Neergang van HO in Australië

Nieuws | de redactie
8 oktober 2008 | De Amerikaanse onderzoeker John Schuster, fellow aan de UU, werkt al meer dan 20 jaar in Australië en maakt zich zorgen. Het veel bedsicussieerde Australische HO kent forse problemen: “After decades of cutting funding the system is sustained by fee paying foreign nationals, mostly Asian. They are the difference between life and death and there have been scandals about this.”

“I believe the Australian university system is dead. I cannot visualize how it can be compared in the future to medium-sized HE-countries like Canada and the Netherlands. Australia has either killed or transformed its tertiary system. There is no going back. There won’t be a Descartes Institute.

It doesn’t matter whether you publish or cited, but whether you are successful in getting government grants. I can be widely respected and known. The only thing my manager will look at, is: when did you last time get an ARC grant and how much money was attached to it? Institutional politics is brutal and direct.

Of course, I have tried to get grants for my Descartes research. But as it turns out, the people on the ARC are just not interested in that kind of thing. They are focused on Australian history and the like. So I don’t bother to apply anymore. And I am also half retired, which gives me the freedom to go to conferences like that of the Descartes Centre without having to explain that to my dean.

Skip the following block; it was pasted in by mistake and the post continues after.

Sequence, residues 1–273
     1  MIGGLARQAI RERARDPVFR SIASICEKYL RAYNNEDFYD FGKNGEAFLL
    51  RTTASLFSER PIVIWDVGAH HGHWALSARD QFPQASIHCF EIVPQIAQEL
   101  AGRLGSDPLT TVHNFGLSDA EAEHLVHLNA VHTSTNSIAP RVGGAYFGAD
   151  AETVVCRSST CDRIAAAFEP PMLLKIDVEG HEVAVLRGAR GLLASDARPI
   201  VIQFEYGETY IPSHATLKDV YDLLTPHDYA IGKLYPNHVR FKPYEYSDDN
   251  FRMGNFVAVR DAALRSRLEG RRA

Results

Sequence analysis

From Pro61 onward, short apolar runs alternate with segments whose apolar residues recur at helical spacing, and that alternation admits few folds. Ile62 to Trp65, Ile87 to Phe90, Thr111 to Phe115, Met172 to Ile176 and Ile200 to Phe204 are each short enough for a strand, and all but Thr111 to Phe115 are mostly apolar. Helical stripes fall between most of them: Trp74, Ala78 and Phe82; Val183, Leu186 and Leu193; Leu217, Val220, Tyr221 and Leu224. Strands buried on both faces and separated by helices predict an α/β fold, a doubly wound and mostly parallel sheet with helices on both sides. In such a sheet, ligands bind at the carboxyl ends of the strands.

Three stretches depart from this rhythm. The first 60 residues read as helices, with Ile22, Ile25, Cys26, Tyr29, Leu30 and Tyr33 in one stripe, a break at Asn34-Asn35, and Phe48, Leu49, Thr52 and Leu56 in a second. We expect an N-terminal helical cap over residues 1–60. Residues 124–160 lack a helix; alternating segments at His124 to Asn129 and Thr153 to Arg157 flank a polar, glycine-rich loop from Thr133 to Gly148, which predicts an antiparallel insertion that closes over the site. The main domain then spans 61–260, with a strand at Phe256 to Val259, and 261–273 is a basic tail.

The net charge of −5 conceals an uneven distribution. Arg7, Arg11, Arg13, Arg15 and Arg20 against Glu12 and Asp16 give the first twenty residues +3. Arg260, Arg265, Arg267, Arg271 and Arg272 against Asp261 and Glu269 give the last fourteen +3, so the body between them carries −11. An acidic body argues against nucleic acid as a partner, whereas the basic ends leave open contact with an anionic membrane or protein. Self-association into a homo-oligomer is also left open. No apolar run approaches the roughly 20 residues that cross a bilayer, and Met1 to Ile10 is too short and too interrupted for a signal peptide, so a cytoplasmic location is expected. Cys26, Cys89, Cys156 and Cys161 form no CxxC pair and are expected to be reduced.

If you have had a generation of cutting funding, the system is sustained by fee paying foreign nationals, mostly Asian. At some universities, this could be 20% of the university population. Australian students used to go for free, now they pay out of their taxes. The difference between life and death is these foreign full fee paying nationals. There have been great scandals about this in Australia.

When you start to starve the academic system, you get tremendously heated competition and fighting, in which of course it is survival of the fittest, because some people are adept at running this kind of scarce competition. This produces the most narrow managerial, vicious, academically blinkered university managers. The system is now almost a generation old.

At Australian universities, most academics are left leaning. I am from New York, in American terms, I would be a Democrat, but on this issues, politicians left of the centre are hopeless. But the Labour Party has been just as bad as Liberal Government in squeezing funding, yet increasing auditing and micromanaging the universities. Labour got in last year. All my colleagues believed that there would be going to be more funding for the universities. But of course, Labour is now New Labour, managerial, practical, focusing on the sharp edge of the economy.

I understand that in most of Europe, government funding per student has gone up in the last 20 years. In Australia it has gone down dramatically, cut during the boom related to Asia. If you cut funding during a boom, imagine what will happen during a depression!”

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